Tuesday, July 2, 2013

Answering Review Request: "Dynasty O'Shea"

Clarissa Cartharn asked me to read her novel "Dynasty O'Shea". It's about the O'Shea family reclaiming their kingdom from a usurper. I will examine plot, characters, and polish, and then assign a grade.


A lot goes into world building. The leprechaun newspaper (both comedic, plot relevant and simply interesting) the Cider festival, (a rare truce zone) and the legends of the Tsez Xian which sound like something out of a creation myth. When an author goes to these lengths to develop their world it is always a big plus in my book.

I also give kudos to Miss. Cartharn for keeping the parents relevant in the main plot; indeed Jack (the dad) is the hero of this story. All too often with this premise the parents are killed off or pushed to the background so their child can take the spotlight. To me that smacked of escapism and the plot suffered for it but that's not a problem here. All of them stay relevant so one can say that the O'Shea family as a whole is The Protagonist.

However, the plot itself feels empty. Part of the reason for this that the O'Shea family participates in three main events towards reclaiming their throne; go to the Tsez Xian village, recruit them, then final battle. The rest of the story is filled with minor and inconsequential plot threads.
1. Forycdes running back and forth with messages while wondering about Jack O'Shea. This guy is a minor character (his role in the plot is tantamont to a Spear Carrier) and he has screen time comparable with the O'Shea family and his own love triangle.
2. The witches. They appear out of nowhere for their own scene entirely separate of the O'Shea family before meeting with them. Their 'shared apprentice plot' is entirely separate from the main 'reclaim the kingdom' plot because the witches don't care about politics or thrones and Draviador is too afarid of wtiches to attack them. One could remove it and the rest of the story (save one event in the climax) would be unaffected.
3. Blackburn has a third plot arc based on revenge for Jack humiliating him in the first act. He never follows up on this.
4. One of the O'Shea kids helps a squirrel family rescue a bunny from coyotes. It has nothing to do with the main plot and does nothing to progress anything.

There's so much back and forth I don't feel the rise of tension or plot build up. The climax falls flat for this reason (among others). My inner editor wanted to cut them all out.

A third reason is  a clumsy case of Holding Back the Phlebotinum. The O'Shea family intiailly reach the world by using a magic pendant. As soon as they arrive they hide the pendant on the justification that they can't let the villain find it. Then they forget it about except for an offhand mention late in the story. If they used this they could skip all the traveling and have an easier time breaking into the villain's fortress. The story would be much shorter, and in my opinion, better because all the traveling was uneventful and thus boring.
Other than this one case there are no idiot balls. If someone does something ill-advised it springs from their character instead of the needs of the plot. For instance, When David jumps into battle against professional adult soldiers it's because he has been training in martial arts for years and wants his family to stop doubting his skills.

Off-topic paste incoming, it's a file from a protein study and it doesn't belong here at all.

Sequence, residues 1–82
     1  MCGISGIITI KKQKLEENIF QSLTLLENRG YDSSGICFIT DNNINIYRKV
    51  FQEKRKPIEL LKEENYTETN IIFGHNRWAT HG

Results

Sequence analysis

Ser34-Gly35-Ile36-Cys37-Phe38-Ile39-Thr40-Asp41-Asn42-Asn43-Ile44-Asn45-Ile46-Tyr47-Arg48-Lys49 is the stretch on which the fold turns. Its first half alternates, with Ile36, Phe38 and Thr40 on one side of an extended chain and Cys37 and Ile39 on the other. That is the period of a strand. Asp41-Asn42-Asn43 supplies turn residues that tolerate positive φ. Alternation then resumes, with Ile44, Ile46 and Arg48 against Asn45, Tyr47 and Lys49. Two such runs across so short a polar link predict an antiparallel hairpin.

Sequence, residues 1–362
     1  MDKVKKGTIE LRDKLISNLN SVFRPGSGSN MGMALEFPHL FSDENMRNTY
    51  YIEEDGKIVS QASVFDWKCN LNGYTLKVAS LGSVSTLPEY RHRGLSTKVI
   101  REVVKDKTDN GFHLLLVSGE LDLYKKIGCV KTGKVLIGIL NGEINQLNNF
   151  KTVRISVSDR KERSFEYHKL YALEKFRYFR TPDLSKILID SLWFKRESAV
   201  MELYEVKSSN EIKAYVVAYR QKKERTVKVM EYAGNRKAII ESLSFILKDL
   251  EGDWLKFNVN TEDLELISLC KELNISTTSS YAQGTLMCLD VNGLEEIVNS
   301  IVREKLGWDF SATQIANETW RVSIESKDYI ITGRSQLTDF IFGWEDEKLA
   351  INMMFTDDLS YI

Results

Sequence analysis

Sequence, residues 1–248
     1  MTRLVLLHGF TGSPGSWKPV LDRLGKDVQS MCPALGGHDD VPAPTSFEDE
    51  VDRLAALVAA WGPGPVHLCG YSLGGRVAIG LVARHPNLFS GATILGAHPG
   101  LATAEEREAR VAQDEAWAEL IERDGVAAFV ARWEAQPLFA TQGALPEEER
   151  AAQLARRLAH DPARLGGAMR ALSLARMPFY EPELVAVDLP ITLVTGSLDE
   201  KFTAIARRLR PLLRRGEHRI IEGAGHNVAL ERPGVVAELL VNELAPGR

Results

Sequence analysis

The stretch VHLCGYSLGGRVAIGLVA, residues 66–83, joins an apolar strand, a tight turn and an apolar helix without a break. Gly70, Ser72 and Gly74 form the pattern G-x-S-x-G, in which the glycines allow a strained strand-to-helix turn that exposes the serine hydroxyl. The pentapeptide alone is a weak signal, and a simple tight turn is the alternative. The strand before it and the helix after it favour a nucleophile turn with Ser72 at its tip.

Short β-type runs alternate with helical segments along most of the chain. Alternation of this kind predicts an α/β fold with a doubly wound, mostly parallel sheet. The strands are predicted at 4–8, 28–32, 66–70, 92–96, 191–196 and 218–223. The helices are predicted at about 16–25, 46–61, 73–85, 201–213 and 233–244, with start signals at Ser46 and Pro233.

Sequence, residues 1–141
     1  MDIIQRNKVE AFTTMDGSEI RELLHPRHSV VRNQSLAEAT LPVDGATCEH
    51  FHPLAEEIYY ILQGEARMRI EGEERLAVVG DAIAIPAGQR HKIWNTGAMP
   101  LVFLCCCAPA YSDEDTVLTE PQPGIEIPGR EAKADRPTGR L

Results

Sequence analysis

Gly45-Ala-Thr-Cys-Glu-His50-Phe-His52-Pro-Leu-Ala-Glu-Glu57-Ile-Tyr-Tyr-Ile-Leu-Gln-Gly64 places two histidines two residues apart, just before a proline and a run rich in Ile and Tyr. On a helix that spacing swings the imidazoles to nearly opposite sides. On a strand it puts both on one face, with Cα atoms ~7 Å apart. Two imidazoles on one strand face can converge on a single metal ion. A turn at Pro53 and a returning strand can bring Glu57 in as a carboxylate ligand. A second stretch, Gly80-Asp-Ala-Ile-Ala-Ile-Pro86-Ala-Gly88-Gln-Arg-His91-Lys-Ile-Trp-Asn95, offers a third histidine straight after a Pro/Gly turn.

Finally, I appreciate the how Miss. Cartharn ended the story. The conflict is resolved and there is plentiful of poetential for future stories. In fact, a number of sequel hooks are dropped in the epilogue.


The characters are all right. Most of them have distinct personalities and good development but others do not and they include main characters. There are three reasons for this. 1.( The fragmented nature of the plot above; there is not enough time spent with all the characters to develop them sufficiently. 2.)  Inappropriate allocation of screen time. As mentioned above, a spear carrier has the same amount of screen time as the main characters and even gets his own subplots in discovery and love triangle. 3.) The characters with good development don't feel developed until near the end because all the other plot lines pushed these secenes far apart.

The villains get two paragraphs to themselves. First we have the Big Bad, Dravidor. He is a flat and almost non-existant character because he does very little. Other usurping, which is related second hand, I don't know why this guy is so evil. The only evil deed he does is a I Have You Now My Pretty to Rachel O'Shea in the climax and even this is so rushed and trite that I feel it was shoehorned.

The villains as a hole have this problem. Blackburn is introduced early and has a vandetta against the hero but he does nothing. Despite looking for Jack he never finds him nor causes any reoccuring trouble. Then there's Major Scuddorf who is
introduced late, does absolutely nothing, and is killed off uncremoniously off screen. I wonder, why bother including him?

On the plus side,  The O'Shea family grew on me by the end. Aly especially because she gained a unique talent (bear friend) and a foil in the third act that distinguishes her from her brothers. I'd like to see a story where they each have more screen time.

I also like the witches. Miss. Cartharn does a much better job of quickly developing the three witches and their shared apprentice than other characters. Their personalities are distinct, their subplot is more developed, and their interactions are more fun. If she were to write a sequel based on them I would love that.


Over all this is pretty good. There's rarely an error with spelling or grammar and the only word cruft is understandable, i.e, in the teenager dialogue.

Trickster Eric Novels gives "Dynasty O'Shea" a C+

Click here for the next review request: "Dark Space"
Click here for the previous review request. "Sister Margaret"

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